“I’m not good with children. I don’t know what to say to them after five minutes.”

In India’s largely family-oriented society, having children is the norm.

But most Indians are having fewer children now and a growing number are choosing to never become parents.

The BBC’s Nikita Mandhani spoke to some Indians, who have decided to remain child-free, to understand their reasoning and the society’s perception of their choice

Russia on brink of default as debt deadline looms

Russia is on the brink of its first debt default since 1998 as the Sunday deadline to make a $100m interest payment seems certain to be missed.

Russia has the money and is willing to pay, but sanctions make it impossible to get the payments to international creditors.

The Kremlin has been determined to avoid a first default since 1998, and a major blow to the nation’s prestige.

The Russian finance minister branded the situation “a farce”.

Russia has seemed on an inevitable path to default since sanctions were first imposed by the US and EU following the invasion of Ukraine.These restricted the country’s access to the international banking networks which would process payments from Russia to investors around the world.

The Russian government has said it wants to make all of its payments on time, and so far it has succeeded.About $40bn of Russia’s debts are denominated in dollars or euros, with around half held outside the country.

A default would be the first since 1998, at the chaotic end of Boris Yeltsin’s regime.

The $100m interest payment was due on 27 May. Russia says the money was sent to Euroclear, a bank which would then distribute the payment to investors.

But that payment has been stuck there, according to Bloomberg News, and creditors have not received it.

“They have not got it,” says Jay Auslander, a US lawyer who has worked on many government debt cases. “And the overwhelming probability is they’re not going to get it.”If this money has not arrived within 30 days of the due date, that is, Sunday evening, that will widely be considered a default.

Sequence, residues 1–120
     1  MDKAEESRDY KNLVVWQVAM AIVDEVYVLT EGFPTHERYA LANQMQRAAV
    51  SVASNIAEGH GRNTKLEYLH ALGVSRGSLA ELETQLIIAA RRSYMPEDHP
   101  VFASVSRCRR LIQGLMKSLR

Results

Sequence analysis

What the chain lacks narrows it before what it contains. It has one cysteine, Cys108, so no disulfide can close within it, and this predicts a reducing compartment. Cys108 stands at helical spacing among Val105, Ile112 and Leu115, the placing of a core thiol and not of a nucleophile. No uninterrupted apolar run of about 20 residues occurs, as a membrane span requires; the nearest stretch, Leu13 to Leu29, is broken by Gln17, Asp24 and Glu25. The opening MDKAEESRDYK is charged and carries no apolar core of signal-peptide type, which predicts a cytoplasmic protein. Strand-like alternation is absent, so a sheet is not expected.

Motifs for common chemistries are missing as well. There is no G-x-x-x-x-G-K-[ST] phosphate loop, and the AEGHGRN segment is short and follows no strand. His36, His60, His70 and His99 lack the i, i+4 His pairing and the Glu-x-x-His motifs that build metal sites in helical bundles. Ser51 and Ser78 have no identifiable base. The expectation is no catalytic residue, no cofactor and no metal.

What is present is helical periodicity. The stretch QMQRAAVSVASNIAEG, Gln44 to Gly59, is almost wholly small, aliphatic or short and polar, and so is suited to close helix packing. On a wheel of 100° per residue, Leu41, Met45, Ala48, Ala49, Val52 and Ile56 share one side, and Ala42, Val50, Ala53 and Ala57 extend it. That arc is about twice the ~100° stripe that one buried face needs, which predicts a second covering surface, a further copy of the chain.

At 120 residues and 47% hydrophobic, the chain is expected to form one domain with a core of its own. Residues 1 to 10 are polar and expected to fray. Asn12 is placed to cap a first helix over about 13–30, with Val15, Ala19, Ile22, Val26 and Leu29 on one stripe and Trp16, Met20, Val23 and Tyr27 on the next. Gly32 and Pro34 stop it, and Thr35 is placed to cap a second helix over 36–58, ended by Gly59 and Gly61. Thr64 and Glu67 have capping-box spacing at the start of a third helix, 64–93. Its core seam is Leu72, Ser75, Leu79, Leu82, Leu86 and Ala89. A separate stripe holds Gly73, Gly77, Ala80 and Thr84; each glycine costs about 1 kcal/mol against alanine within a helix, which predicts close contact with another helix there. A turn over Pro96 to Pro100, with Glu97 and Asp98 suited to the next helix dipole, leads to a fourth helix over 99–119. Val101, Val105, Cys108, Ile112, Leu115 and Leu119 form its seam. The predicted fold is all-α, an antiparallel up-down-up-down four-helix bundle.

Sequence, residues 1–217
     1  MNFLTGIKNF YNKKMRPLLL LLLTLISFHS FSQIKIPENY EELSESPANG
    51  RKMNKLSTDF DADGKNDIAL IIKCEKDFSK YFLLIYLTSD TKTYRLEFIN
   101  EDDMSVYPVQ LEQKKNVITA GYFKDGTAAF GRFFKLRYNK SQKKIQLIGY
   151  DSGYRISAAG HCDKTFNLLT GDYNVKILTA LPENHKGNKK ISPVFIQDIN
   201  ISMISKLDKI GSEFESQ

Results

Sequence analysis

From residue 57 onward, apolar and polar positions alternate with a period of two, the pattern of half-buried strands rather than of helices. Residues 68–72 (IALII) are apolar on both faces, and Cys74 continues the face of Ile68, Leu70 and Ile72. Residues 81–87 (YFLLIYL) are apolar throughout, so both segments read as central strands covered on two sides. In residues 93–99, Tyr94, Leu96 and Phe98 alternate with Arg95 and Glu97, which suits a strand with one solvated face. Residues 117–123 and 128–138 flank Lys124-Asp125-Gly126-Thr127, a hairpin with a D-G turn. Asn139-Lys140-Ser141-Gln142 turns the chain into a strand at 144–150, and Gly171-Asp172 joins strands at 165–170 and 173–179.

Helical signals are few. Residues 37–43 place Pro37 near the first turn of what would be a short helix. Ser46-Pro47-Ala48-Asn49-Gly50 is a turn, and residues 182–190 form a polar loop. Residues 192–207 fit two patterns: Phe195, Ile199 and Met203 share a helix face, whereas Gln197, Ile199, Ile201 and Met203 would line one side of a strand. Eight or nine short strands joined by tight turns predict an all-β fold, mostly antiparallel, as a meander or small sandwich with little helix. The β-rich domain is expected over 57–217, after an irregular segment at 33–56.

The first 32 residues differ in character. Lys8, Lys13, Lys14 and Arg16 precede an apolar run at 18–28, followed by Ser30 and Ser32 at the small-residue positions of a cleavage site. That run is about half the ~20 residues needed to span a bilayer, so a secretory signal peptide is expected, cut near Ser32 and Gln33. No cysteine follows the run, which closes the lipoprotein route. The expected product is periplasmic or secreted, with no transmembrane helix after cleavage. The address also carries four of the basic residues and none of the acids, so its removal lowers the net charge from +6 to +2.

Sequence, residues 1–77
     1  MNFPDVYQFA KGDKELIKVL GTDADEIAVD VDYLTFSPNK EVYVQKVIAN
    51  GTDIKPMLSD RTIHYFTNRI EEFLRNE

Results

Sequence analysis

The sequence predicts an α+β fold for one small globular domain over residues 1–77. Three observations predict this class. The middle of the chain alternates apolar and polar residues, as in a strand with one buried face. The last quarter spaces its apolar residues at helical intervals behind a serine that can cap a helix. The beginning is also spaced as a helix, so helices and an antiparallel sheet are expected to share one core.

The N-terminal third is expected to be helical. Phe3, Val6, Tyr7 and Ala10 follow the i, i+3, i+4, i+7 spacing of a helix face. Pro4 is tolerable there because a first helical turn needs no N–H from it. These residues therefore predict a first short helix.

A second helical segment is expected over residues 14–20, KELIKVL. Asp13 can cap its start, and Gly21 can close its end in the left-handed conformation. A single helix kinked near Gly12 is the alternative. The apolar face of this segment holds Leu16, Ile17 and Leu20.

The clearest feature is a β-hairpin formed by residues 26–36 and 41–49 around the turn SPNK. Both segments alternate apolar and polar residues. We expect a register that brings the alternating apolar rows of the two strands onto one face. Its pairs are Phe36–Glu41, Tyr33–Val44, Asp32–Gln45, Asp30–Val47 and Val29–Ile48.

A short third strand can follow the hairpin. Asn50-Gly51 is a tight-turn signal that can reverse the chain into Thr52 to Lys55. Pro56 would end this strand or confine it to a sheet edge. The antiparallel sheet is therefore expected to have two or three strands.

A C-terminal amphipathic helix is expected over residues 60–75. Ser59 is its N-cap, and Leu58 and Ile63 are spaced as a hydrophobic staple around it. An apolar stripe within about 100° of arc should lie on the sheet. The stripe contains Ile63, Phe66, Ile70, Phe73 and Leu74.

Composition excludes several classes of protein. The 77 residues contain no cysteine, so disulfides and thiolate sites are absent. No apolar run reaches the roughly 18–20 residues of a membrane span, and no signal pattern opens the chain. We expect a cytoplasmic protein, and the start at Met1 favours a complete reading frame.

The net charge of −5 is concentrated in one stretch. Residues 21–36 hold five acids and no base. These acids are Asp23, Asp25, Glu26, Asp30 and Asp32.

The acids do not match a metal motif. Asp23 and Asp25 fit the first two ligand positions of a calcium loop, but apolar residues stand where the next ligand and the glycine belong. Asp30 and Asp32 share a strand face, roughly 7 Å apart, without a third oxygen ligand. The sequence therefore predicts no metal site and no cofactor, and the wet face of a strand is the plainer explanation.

Euroclear wouldn’t say if the payment had been blocked, but said it adheres to all sanctions.

Default appears inevitable

Default seemed inevitable when the US Treasury decided not to renew the special exemption in sanctions rules allowing investors to receive interest payments from Russia, which expired on 25 May.

The Kremlin now appears to have accepted this inevitability too, decreeing on 23 June stating that all future debt payments would be made in roubles through a Russian bank, the National Settlements Depository, even when contracts state they should be in dollars or other international currencies.

Finance Minister Anton Siluanov admitted foreign investors would “not be able to receive” the payments according to the RIA Novosti news agency.

This was for two reasons, he said. “The first is that foreign infrastructure – correspondent banks, settlement and clearing systems, depositories – ares prohibited from conducting any operations related to Russia. The second is that foreign investors are expressly prohibited from receiving payments from us.”

Because Russia wants to pay and has plenty of money to do it, he denied that this amounts to a genuine default, which usually occur when governments refuse to pay, or their economies are so weak that they cannot find the money.

“Everyone in the know understands that this is not a default at all,” RIA Novosti quoted him. “This whole situation looks like a farce.”